Flash hole size?

MIKE WISKEYMIKE WISKEY Member Posts: 9,245 ✭✭✭
I'm working up loads/breaking in a .308 and am using a batch of brass with small flash holes (std. decaping pin is way to large). head stamp is 'RD 80 nato mark', I'll assume this is 'radway green' 7.62x51. any way what effect will the small flash hole have on load developement (higher/lower pressure-std dev.)? The best loads I've found so far are shooting .3's & .4's[:)].


  • ChetStaffordChetStafford Member Posts: 2,794
    edited November -1

    I don't know what effect the flah hole size will have but with groups in that size I would not worry about it[;)]

  • shooter93shooter93 Member Posts: 322 ✭✭✭
    edited November -1
    Over the years there have been a number of experiments run with smaller flash holes and brass made with them. most worked good but it takes a supreme rifle to see it. Black Powder cartridge shooters are now experimenting with tooling that sawges a uniform smaller flash hole. It appears to work but again it takes a very good rifle to notice it.
  • bpostbpost Member Posts: 30,921 ✭✭✭✭
    edited November -1
    Hi Mike, Lapua 6MM BR brass uses a smaller .059 flash hole while some use larger. If you get a Sinclair or K&N flash hole uniformer you can eliminate one potential source of inconsistency. I have found that the smaller flash hole is easier on the primer pocket with full power loads. Lapua brass lasts a lot longer than the Remington brass does. The smaller flash hole, made more consistently could be why.
  • MIKE WISKEYMIKE WISKEY Member Posts: 9,245 ✭✭✭
    edited November -1
    well it looks like we have an experiment in the making, once I settle on a load I'll go over several cases with my flash hole uniformer and compare with the smaller ones.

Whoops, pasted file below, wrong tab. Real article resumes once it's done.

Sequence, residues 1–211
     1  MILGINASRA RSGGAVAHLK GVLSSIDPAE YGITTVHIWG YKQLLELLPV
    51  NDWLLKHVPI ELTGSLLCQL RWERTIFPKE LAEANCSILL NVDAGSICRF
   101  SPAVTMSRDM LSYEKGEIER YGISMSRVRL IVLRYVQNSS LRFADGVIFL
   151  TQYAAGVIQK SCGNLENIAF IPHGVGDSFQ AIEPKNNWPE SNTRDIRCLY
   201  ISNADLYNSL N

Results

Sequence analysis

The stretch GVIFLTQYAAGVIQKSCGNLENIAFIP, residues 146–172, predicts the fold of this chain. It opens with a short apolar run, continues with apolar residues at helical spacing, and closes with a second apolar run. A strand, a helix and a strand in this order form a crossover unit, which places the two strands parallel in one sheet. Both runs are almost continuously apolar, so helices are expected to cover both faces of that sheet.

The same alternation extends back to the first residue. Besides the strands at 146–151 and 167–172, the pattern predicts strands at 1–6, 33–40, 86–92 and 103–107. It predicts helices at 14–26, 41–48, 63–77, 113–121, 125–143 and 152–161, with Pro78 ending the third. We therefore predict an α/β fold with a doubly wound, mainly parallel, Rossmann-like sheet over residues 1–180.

• nononsensenononsense Member, Moderator Posts: 10,542 ******
    edited November -1

    I think it was back in the early 70's, Remington made a production run of .308 BR Basic brass for making target cartridge cases that all had the small flash holes. This idea was that the flame shape and length was more consistent to improve accuracy. When these cases were reduced in size to the BR case length, things began to look rosy for the target shooters. But when these same cases were necked to .308 and left at the .308 length, ignition became erratic. You can still find some of these cases for sale if you want to pay a premium for them.

    Lapua has asserted that the smaller capacity cases benefit from the small flash hole and makes not only the BR cases but has made several runs of the newer 6.5 x 47 Lapua cases with the 0.059" small hole. The problem is that even though the cartridges are known for better than average accuracy, it's difficult for the average shooters to note a significant improvement using the small flash hole. Lapua originally used the large flash hole in the 6.5 x 47 Lapua but after some extended testing in their labs and in with some U.S. shooters, decided to use the small flash hole instead.

    I like the idea of doing some comparative testing.

Sign In or Register to comment.